First, God is inclusive and impartial. God wants to save not merely a select few, but “the world.” There is a doctrinal position that misinterprets Gods’ sovereignty in a way that requires God predetermine the eternal destiny of individuals. This doctrine teaches God enforce salvation separate from and independent of any free will decision on their part. In fact they deny there is any such thing as free will. They see humanities’ granted-by-God ability to choose not to receive Him as a breach or diminishing of God’s sovereignty. This is generally speaking what Calvinism or Reformed Theology holds to. I do not believe this is supported by scriptures. God in His sovereign determination has included free will to make decisions in His salvation equation.
Scripture states, “For there is no partiality with God” (Romans 2:11). Just as we are all condemned, God offers all an opportunity in Christ to be saved. There is absolutely no indication here of any exclusivity by God. Scripture does not support the idea that God determines beforehand and created a particular group to be condemned and a particular group to be saved. God “predestines” salvation in terms of knowing or foreknowing the decisions of humanity (Rom. 8:29-30). But He is absolutely inclusive in that all of “the world” who are condemned are all of “the world” who are sought after by Jesus to be saved. The world is condemned in sin. God sent Jesus to save the condemned world. That is all of God’s grace. We need only receive the salvation offered in Christ by faith in Him. God makes this gracious offer. He holds us accountable to our decision in response to His offer. God remains sovereign throughout.
Second, God doesn’t desire us to be condemned. God has made every effort and has gone to the supreme extent to make a way for condemned sinners to avoid His righteous and just condemnation. “I have no pleasure in the death of the wicked, but that the wicked turn from his way and live. Turn, turn from your evil ways! For why should you die, O house of Israel?” (Ezekiel 33:11; cf. also Ezek. 18:23, 32). God, “desires all men to be saved and to come to the knowledge of the truth” (1 Tim. 2:4). “For the grace of God that brings salvation has appeared to all men,” not just a few (Titus 2:11). “The Lord is not slack concerning His promise, as some count slackness, but is longsuffering toward us, not willing that any should perish but that all should come to repentance” (2 Peter 3:9). And if God sovereignly has decided to offer salvation to “the world” or all people, then it implies there is a choice to be made toward this gracious offer of God to humanity.
Third, God counts the cost. Jesus often spoke of counting the cost (Luke 14:28; Mat. 20:22-23). God practices what He preaches. God sent His Son Jesus to pay the penalty of our sin for us. He sent Jesus to be lifted up, just like the bronze serpent of Moses. The Psalmist is correct. We are like a “serpent . . . a deaf cobra” (Psalm 58:3). Jesus took on the poison of the serpent on the cross in our place for us. And when a person puts their faith in Jesus God wipes their sinful slate clean with the blood of His Son Jesus. He forgives our sin based on what Jesus has done on the cross for us. He does all of this based justly on the substitutionary atonement of Jesus on the cross. Jesus died in our place suffering our death penalty for sin for us (cf. Isaiah 53:1-7; Gal. 3:13; Heb. 2:9; 1 Peter 3:18).
God’s purpose in sending His only Son Jesus is “that the world through Him might be saved.” “Saved” (Greek sodzo) means to be brought to safety, delivered, protected, preserved, healed, made whole, as well as saved. This implies that those in “the world” were in danger beforehand. The Father sent Jesus His only Son to make available a complete and total healing from sin and sins’ affects. God’s objective is to save the world from the poison of sin. In Christ there is deliverance, protection, preservation, healing and wholeness. Salvation in Jesus is the greatest “holistic” medicine, not because it carries any New Agey mysticism but because it addresses all of humanities’ needs.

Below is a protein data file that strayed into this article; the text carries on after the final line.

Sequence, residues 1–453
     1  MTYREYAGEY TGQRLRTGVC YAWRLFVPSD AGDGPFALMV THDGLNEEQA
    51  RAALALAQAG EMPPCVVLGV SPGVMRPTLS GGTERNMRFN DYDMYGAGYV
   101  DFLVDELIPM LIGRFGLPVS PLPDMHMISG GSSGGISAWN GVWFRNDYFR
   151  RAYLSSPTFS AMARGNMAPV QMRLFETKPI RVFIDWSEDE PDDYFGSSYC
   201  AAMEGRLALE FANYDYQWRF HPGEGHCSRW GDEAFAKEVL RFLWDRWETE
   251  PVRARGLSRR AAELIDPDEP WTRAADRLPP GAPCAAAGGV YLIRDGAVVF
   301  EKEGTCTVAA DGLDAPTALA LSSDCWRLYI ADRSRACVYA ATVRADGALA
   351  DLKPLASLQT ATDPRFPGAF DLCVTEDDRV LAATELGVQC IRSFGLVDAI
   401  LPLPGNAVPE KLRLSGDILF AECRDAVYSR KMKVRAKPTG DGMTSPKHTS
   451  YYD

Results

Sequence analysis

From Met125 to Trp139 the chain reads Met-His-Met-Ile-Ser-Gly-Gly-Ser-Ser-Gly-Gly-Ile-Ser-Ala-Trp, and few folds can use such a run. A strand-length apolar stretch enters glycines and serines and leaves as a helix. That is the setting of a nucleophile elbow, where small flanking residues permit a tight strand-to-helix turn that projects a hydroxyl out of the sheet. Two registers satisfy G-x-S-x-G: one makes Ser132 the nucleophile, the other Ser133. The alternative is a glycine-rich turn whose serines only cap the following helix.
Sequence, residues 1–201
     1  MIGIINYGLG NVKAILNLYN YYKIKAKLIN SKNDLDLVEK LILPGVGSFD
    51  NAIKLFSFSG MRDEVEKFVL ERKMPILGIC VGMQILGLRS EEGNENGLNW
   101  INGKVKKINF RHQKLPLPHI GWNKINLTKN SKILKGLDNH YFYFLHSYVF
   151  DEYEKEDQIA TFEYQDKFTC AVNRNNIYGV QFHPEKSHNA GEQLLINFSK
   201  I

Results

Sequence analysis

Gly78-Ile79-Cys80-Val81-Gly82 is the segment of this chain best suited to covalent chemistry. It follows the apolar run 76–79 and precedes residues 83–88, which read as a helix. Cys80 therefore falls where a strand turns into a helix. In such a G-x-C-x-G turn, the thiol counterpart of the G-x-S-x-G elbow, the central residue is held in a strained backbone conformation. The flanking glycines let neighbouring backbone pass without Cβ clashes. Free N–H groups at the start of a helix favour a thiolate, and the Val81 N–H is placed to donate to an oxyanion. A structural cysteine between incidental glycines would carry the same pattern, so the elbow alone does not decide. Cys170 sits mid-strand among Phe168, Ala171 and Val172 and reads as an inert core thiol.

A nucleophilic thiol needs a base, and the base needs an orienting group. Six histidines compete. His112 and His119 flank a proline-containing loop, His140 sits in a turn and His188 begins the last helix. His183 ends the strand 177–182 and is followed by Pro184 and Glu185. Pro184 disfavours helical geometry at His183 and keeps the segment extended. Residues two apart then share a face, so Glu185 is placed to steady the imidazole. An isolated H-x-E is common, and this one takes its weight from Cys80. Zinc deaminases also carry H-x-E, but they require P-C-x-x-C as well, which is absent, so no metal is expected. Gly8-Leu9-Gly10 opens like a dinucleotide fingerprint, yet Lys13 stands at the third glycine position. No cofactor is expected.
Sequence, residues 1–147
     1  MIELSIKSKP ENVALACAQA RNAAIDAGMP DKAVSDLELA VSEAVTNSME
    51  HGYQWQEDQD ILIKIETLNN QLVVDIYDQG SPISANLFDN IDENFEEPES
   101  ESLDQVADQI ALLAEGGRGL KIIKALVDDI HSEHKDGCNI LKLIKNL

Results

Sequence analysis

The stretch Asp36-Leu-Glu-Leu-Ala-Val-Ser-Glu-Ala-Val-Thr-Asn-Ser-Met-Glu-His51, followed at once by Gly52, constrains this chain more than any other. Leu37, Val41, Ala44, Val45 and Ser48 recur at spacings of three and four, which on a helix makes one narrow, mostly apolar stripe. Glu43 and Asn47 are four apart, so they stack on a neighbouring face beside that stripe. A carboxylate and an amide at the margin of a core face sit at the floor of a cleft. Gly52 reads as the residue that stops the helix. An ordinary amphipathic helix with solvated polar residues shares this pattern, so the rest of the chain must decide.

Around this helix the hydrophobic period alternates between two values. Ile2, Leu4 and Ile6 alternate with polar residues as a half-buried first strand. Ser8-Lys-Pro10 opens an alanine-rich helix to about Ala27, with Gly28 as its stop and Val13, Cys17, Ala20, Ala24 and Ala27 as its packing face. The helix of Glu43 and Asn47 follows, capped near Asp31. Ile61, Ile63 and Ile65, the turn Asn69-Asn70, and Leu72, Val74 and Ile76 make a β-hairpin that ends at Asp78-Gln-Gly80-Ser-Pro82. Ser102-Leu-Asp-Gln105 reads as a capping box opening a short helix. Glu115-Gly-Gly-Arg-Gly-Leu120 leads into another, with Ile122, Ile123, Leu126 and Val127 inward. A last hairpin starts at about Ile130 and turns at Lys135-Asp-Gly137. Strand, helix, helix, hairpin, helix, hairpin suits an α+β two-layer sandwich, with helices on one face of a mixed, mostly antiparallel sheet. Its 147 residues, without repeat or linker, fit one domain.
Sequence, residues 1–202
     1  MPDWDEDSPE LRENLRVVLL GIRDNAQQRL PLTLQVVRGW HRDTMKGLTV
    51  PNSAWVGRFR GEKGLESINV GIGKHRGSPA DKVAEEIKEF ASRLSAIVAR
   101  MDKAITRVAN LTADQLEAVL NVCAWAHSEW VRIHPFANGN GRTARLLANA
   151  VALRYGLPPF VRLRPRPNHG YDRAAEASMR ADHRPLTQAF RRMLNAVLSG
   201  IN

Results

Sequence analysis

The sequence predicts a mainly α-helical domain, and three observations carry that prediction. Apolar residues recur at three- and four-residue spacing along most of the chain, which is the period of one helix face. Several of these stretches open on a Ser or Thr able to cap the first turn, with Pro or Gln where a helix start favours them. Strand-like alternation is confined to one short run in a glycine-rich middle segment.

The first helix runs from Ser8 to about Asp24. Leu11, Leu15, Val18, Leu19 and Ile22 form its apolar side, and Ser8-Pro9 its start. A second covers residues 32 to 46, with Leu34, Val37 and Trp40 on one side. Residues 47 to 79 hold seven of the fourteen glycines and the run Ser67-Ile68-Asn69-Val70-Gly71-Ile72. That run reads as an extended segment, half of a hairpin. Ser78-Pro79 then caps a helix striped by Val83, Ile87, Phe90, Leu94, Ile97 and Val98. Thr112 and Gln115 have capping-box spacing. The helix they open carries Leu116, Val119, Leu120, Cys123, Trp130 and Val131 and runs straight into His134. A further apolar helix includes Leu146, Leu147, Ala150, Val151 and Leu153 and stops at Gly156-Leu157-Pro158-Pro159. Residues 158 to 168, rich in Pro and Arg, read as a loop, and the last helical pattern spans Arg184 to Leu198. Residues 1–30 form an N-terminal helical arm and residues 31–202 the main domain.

Fourth, God works through decision. That Jesus uses the phrase “might be saved” (i.e. the subjunctive case of “condemn” or judge) indicates the call for a willful decision from the sinner. God does not superimpose His salvation on us. He presents the good news of possible salvation through belief in Jesus. Then He awaits our decision to either accept or reject His salvation offer.
Fourth, God is the initiator. Jesus didn’t come to condemn the world but to reach down to people drowning in sin and offer them a hand of salvation. Where do you stand with Jesus? Indecision is decision. If you put off making a decision to receive Jesus as Savior by faith, you remain in your state of condemnation. You must make a decision. You must respond in faith to be saved. You must receive God’s gracious provision in Christ. Otherwise you will be lost eternally forever to condemnation.
The gracious offer of salvation in Christ by God is like no other religious offer. The world is sinking deep in a morass immoral quicksand; the consequence of their living in sin. Confucius comes and says, “It is not good that humanity is in sin” and walks on by. Mohammed comes and says, “May Allah’s will be done!” and walks on by. Buddha comes and says, “Learn from this situation” and walks on by. Krishna says, “Better luck next time” and walks on by. Jesus comes, looks in compassion, reaches down to sinking humanity, and pulls them up and out of the quagmire of sin. Then He says, “Walk with Me for eternity.” Yes, the good news of the gospel of Jesus Christ is the only redemptive reality for the sinner.
Religions tell people what they must do to be saved. And because religion is based on work people must do there is no assurance because we can never know how much work is enough work to justify us or work off our sin. Religion tells us what to do. The good news of the gospel of Jesus Christ proclaims, done! Jesus does the heavy lifting for us. Jesus works our salvation on the cross and then says to simply believe and receive what He has done on our behalf and you will be forgiven and saved from your sin. “There is therefore now no condemnation to those who are in Christ Jesus, who do not walk according to the flesh, but according to the Spirit” (Romans 8:1). Condemned? Or not condemned? The decision is up to you.